It's perfectly normal for your cat to shed regularly; but if your pet has bald patches, red and inflamed areas without hair, or spots that are so thin that you can see the skin below, he has a problem. Cats can lose hair for problems as minor as a scar or for more serious issues like skin fungus, mites, fleas or a hormonal imbalance. Inflamed skin, or dermatitis, can cause hair loss; stress is also a factor in excessive shedding. Some cats get so anxious that they lick or chew their fur out.

If you notice the hair loss is coming from certain raw patches, or hot spots, your cat might have fleas or mites. To ascertain the cause, check your cat for parasites. If the hot spots are a result of a flea-bite allergy, you need to get rid of the fleas and keep them away so that the hair can grow back. But if the spots are in places where your cat can't reach in order to scratch, the cause might be an allergy caused by something your pet touched, like new carpeting. If you notice your cat scratching or licking a spot too much, don't scold him. That will only serve to increase his stress and make the problem worse. Instead, try to modify his behavior by distracting him with a toy.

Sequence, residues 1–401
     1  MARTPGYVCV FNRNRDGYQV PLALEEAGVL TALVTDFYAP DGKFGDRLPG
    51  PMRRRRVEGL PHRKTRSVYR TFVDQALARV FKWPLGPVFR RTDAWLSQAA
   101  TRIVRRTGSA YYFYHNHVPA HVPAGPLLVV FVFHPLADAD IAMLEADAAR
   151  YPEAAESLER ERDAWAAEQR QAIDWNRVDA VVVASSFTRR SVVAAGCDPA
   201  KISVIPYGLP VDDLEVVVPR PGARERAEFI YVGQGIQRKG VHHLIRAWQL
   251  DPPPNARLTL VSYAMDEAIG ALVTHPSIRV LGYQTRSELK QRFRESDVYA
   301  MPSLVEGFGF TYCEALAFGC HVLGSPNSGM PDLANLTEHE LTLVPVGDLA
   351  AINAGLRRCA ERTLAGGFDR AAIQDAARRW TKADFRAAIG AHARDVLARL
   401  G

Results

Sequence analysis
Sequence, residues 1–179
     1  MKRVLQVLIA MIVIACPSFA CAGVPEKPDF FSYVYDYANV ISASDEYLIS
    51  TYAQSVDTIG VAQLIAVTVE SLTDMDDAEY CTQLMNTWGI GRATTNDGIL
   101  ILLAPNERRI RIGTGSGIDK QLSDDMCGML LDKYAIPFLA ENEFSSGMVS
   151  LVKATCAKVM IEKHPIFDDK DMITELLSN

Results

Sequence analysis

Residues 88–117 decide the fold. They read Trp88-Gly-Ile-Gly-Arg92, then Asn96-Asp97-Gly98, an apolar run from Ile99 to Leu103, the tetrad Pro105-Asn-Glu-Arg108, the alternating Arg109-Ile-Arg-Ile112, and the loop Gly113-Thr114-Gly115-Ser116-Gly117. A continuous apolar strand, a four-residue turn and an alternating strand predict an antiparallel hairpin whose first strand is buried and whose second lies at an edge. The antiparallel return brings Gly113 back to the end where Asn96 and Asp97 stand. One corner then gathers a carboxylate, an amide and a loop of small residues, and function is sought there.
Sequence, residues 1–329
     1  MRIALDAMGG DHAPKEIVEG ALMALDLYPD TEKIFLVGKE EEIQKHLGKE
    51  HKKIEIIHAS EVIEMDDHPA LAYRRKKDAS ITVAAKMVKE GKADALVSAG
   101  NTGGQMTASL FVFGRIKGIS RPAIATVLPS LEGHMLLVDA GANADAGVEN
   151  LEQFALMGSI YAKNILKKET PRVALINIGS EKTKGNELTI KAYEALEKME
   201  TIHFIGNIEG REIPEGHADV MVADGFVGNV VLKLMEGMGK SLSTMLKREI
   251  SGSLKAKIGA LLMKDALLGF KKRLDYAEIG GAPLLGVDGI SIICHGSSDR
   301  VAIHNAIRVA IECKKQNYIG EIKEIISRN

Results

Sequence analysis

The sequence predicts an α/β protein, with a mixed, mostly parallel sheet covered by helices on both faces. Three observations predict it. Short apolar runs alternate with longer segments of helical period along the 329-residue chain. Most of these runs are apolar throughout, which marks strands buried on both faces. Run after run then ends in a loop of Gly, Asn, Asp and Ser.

Hair loss can also be a result of improper nutrition, so check the food your cat is eating to make sure it has everything it should. There's a reason that better brands of cat food are a bit more expensive. If your cat's hair loss is accompanied by other symptoms that could indicate disease like fever, appetite loss, weight loss or vomiting, you should take him into the veterinarian as soon as you can. Some of the parasite and fungal causes for cat hair loss can be contagious to people, too. So have your vet take a look.